We’re amazingly fortunate to wander our planet with our cameras in hand to bring back to others the wonders that we witness. It’s a very passionate affair, which greatly influences how we see and make our photographs. We all know the process we go through to bring back our stories in our photos, and we’ve all experienced the moment when showing our photos to others that we’ve said, “This doesn’t do the scene justice.”
If we could share our photos from our memories, they’d always look perfect, but we have to rely on what I affectionately call “the cold-hearted bastard” (the camera) to do the job. Compared to our eyes, mind, and heart, sometimes the camera needs a helping hand. That’s why when we’re processing landscape photos to try and bring them back to where they represent what we saw and felt when we took them, we must understand that the key to finishing is to know where we started!
Yellowstone National Park
There’s a magic to Yellowstone National Park, which is magnified when it’s blanketed in white. Many of its unique and subtle colors become emeralds against the white backdrop, instantly grabbing the eye and heart when bringing the camera up to take the shot. With exposure and white balance set, and all the wanted elements included and unwanted elements excluded, we make the click to the best of our ability. This gives Photoshop the best data in which it can perform its finishing magic.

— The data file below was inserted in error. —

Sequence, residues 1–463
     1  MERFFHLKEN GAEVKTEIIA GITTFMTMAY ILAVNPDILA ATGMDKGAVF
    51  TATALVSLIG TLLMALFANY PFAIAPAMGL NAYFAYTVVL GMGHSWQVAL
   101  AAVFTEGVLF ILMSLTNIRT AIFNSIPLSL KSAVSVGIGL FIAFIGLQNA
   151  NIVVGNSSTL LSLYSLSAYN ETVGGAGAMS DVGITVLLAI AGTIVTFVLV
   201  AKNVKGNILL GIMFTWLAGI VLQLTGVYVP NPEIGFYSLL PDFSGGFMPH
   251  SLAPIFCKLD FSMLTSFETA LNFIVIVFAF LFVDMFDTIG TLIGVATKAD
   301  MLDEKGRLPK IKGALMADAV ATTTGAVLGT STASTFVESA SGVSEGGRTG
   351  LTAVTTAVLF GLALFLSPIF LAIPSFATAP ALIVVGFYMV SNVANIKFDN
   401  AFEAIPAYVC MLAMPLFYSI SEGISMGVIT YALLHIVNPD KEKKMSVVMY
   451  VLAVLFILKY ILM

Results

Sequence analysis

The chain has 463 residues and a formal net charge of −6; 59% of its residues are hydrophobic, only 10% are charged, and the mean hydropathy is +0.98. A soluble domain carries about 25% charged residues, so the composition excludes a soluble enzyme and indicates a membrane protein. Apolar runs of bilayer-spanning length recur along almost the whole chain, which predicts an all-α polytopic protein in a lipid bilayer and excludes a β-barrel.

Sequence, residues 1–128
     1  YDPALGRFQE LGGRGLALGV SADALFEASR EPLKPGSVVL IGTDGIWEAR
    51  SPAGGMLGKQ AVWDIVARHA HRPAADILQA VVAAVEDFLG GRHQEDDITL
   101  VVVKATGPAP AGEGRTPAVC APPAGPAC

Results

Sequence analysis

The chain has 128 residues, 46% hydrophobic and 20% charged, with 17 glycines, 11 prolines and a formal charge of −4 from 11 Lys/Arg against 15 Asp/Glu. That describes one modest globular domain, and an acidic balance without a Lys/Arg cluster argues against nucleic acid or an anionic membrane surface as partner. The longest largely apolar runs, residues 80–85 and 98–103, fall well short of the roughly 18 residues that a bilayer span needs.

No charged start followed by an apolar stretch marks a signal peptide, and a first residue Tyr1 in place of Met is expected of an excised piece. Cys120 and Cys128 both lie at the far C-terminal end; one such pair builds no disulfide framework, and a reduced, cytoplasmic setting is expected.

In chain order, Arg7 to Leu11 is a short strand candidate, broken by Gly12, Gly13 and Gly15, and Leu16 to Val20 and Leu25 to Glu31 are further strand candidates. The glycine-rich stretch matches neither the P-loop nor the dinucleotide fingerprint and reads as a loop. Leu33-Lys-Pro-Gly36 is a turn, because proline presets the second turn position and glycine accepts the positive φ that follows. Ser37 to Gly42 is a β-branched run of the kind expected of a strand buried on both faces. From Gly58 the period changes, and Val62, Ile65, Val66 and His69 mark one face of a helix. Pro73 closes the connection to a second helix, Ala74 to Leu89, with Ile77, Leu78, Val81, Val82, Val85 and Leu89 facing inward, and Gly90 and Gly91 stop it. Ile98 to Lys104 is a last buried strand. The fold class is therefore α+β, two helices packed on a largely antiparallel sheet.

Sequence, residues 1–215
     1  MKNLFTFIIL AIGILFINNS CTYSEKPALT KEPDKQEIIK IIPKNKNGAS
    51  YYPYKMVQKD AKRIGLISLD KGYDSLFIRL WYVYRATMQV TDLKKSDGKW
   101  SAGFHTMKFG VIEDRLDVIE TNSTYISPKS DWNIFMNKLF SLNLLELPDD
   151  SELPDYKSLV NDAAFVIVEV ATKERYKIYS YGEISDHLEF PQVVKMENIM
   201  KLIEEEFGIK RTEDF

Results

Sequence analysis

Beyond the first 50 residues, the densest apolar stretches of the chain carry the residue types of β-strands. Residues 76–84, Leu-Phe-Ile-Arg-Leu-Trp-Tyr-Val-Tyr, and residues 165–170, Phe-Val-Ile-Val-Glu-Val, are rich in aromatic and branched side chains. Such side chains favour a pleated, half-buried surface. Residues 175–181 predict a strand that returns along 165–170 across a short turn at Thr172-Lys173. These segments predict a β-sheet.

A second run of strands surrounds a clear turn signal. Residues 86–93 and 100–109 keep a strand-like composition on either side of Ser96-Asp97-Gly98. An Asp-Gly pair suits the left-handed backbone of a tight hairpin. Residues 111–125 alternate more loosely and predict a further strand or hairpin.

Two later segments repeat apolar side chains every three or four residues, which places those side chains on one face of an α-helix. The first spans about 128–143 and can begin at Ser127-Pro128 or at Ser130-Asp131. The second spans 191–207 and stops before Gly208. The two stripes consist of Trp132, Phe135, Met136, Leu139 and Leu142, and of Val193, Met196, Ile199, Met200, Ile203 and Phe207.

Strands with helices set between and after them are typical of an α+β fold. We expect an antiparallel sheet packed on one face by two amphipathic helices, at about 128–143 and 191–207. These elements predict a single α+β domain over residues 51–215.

For many reasons, the scene that you witnessed isn’t the photo the camera brought home, and once you understand that, you can quickly and easily bring that memory back to your photo. You could ask, “Which came first, the pixel or the egg?” You need to start by understanding that our mind’s eye sees all the right colors, whereas our cameras—which aren’t influenced by physiology, but rather run on numbers—can be easily influenced. In this case, it set the white balance lower than it really was.
I started by opening the NEF file in Adobe Camera Raw (ACR) and applying my Landscape preset (which you can learn more about in my KelbyOne class Landscape Photography: Post-Processing in Camera Raw) and on my website). This preset is set up to mimic the setting in my camera when I took the picture. My Landscape preset sets the Vibrance to +32 in the Basic panel, and applies sharpening and noise reduction. Next, I clicked on the snow in the lower-right corner of the thermal with the White Balance tool (I). That brought the white balance up to 7000, but more importantly, it brought back some of the rich tones that made me stop to shoot this scene in the first place.
After setting the white balance, I used the Dehaze slider in the Effects panel (fx) to decrease the overall haze in the image created by the steam, which in turn added contrast to the image.